On 15 September, the OECD Nuclear Energy Agency (NEA) will celebrate the 10th anniversary of the Forum on Stakeholder Confidence (FSC).
On this occasion, a one-day open colloquium in Paris will take stock of FSC achievements, conduct a multi-stakeholder discussion of important governance themes in radioactive waste management, and gather guidance on new directions to be taken by the FSC in the coming years. The colloquium will welcome some 80 participants: local and national opinion-leaders and stakeholder representatives, government policy and regulatory officials, R&D specialists, implementers and industry representatives from 16 countries.
Over the years, the work of the Forum on Stakeholder Confidence has highlighted and documented the growing empowerment of the public in radioactive waste management. Important changes in the past decade include a shift from overt conflict or resigned acceptance of facility siting proposals, to volunteering and collaboration by local communities. Community empowerment measures and socio-economic benefits are recognised as legitimate. A great variety of arrangements for collaboration now exist. New ideals and bases for collaboration have also emerged, including mutual learning, adding value to the host community/region and sustainable development.
The Forum on Stakeholder Confidence (FSC) was created in 2000 to share international experience in addressing the societal dimension of radioactive waste management. The FSC provides a setting for direct stakeholder exchange in an atmosphere of mutual respect and learning. A wealth of experience has been documented through topical sessions and studies and, in particular, through the Forum’s seven national workshops and community visits. Study reports and two-page flyers summarising the lessons learnt are available in several languages on the FSC web page.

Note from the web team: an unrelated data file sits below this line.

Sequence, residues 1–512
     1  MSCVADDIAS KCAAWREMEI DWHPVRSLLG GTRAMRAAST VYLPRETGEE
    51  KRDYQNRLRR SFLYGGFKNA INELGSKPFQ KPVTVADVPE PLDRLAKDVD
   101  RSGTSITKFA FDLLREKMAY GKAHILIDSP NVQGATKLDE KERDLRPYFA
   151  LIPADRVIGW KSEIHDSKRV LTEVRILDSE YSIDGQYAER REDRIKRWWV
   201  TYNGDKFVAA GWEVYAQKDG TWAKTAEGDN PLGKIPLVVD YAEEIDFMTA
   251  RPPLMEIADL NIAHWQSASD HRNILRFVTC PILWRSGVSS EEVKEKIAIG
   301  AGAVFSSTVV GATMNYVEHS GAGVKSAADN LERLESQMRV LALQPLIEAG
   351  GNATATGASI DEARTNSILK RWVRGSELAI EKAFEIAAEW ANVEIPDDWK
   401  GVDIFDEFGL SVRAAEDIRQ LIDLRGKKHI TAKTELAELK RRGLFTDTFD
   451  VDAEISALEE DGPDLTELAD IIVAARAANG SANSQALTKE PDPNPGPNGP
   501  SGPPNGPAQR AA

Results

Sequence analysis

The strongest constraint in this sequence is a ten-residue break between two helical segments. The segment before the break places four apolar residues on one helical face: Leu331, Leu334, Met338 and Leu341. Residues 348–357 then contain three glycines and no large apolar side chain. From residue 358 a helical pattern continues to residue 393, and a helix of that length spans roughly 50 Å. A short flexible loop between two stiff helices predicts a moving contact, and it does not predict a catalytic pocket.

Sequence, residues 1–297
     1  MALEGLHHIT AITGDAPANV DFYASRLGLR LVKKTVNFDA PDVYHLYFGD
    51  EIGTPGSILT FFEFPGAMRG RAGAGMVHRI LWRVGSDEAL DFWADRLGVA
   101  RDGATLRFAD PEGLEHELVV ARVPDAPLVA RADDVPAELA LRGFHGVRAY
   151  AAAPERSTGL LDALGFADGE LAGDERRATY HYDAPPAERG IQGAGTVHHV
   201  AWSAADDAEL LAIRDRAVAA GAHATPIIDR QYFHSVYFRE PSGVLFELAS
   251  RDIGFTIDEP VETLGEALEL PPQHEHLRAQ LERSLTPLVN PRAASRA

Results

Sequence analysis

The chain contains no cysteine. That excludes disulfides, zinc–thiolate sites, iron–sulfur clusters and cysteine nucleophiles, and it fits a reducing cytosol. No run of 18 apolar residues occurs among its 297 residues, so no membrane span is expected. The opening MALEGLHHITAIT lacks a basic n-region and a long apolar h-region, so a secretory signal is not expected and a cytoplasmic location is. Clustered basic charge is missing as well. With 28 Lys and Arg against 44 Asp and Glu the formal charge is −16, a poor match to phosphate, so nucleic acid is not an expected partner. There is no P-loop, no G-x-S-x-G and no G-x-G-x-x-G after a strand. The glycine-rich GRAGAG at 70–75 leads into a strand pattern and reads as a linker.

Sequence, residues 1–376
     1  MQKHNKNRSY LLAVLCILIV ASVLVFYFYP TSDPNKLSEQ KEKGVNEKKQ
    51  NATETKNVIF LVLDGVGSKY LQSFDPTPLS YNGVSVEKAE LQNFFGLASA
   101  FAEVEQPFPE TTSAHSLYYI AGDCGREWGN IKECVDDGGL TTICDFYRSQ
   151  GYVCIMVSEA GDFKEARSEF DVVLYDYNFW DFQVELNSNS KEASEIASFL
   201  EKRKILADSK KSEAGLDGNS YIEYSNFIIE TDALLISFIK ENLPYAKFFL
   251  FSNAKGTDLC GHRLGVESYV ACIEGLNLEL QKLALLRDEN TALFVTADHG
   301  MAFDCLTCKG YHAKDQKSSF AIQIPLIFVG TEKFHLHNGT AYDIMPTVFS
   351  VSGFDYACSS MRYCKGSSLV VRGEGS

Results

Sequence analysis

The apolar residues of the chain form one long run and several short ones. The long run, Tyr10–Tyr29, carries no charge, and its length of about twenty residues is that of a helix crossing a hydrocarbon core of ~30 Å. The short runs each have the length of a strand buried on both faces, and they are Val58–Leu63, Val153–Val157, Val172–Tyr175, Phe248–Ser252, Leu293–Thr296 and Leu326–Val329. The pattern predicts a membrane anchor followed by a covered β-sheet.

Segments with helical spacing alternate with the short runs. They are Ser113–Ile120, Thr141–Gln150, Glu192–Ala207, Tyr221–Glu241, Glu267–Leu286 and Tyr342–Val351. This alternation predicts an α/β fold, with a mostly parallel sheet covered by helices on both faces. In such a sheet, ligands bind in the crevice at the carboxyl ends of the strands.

A new flyer has been issued on the occasion of the FSC anniversary, “From Information and Consultation to Citizen Influence and Power”, summarising the evolution of stakeholder engagement in radioactive waste management over the past ten years.
Four major FSC reports have provided the basis for analysing evolutions and the societal dimension of radioactive waste management (available at www.oecd-nea.org/pub/webpubs): Public Information, Consultation and Involvement in Radioactive Waste Management (2003), Learning and Adapting to Societal Requirements for Radioactive Waste Management (2004), Fostering a Durable Relationship between a Waste Management Facility and its Host Community (2007) and Partnering for Long-term Management of Radioactive Waste (2010).
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NEA membership consists of 31 countries. The mission of the NEA is to assist its member countries in maintaining and further developing, through international co-operation, the scientific, technological and legal bases required for a safe, environmentally sound and economical use of nuclear energy for peaceful purposes. It strives to provide authoritative assessments and to forge common understandings on key issues as input to government decisions on nuclear energy policy and to broader OECD analyses in areas such as energy and the sustainable development of low‑carbon economies.